The materials specialist company Schunk is now also a service provider for 3D metal printing.
The CEM system ExAM 255 from AIM3D in Thale, Germany -- (from left to right) Daniel Alfonso (Global Business Development -- Metal Additive Manufacturing), Christian Stertz (Project Manager Plant Engineering), Marcus Trapp (Process Manager at Schunk) and Dennis Grützemann (Operator Plant Engineering).
Schunk, a supplier of series-production solutions for metal powder pressing and injection molding as well as other technologies, has expanded its expertise to include 3D metal printing at its facility in Thale, Germany. This expansion of the metal injection moulding process chain in the field of additive manufacturing makes sense with regard to future bionic construction applications and topology optimization.
Component characteristics and cost-effectiveness require different process technologies and manufacturing strategies when it comes to 3D metal printing. In 2020, Schunk expanded its expertise to include the composite extrusion modelling process (CEM) by acquiring an ExAM 255 multi-material 3D printing system from AIM3D. The first results of this development partnership can now be seen.
Development Partnership Between Schunk and AIM3D
The aim of the cooperation between Schunk and AIM3D covers three strategic approaches:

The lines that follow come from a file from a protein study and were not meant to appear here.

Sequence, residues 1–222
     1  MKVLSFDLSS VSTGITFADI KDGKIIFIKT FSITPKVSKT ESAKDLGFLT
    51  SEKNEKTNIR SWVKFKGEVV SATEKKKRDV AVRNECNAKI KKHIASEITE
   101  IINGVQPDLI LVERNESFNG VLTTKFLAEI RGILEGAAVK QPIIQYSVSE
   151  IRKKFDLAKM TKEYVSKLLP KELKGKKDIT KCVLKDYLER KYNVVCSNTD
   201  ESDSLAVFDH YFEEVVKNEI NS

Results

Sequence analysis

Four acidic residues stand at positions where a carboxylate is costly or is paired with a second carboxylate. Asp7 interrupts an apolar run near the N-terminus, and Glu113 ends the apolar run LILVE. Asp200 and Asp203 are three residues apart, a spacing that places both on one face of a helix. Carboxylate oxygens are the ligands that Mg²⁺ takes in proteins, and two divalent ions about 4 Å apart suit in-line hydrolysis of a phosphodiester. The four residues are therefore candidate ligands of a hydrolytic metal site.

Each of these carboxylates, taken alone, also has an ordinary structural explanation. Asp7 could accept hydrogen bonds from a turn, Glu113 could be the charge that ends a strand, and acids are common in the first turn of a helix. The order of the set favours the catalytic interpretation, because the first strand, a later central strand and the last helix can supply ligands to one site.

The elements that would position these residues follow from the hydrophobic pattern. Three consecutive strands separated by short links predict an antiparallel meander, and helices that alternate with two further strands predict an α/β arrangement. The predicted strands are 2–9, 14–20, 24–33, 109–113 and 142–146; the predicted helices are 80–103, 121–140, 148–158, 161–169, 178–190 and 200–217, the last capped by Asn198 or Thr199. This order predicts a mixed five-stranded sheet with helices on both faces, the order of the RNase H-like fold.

3D Metal Printing with Copper
3D component development in copper is of strategic importance to Schunk, as there are only a few suppliers on the market.
The conductive material is required for certain components in the electronics industry. However, the range of industries and applications is wide, including applications focusing on thermal management, primarily in mechanical and plant engineering. There are also applications with an emphasis on low-loss energy transmission, such as e-mobility, welding and hardening technology, as well as in the field of energy supply.
Pure copper as well as copper alloys are utilized in these applications. The ExAM 255 system from AIM3D featuring CEM technology enables thermal or electrical conductivity advantages to be retained in 3D printing processes. This is a unique selling point, highlighting better and higher conductivity values on the surface and within the components compared to other additive manufacturing processes. In addition, the CEM process offers material price and resource conservation benefits.
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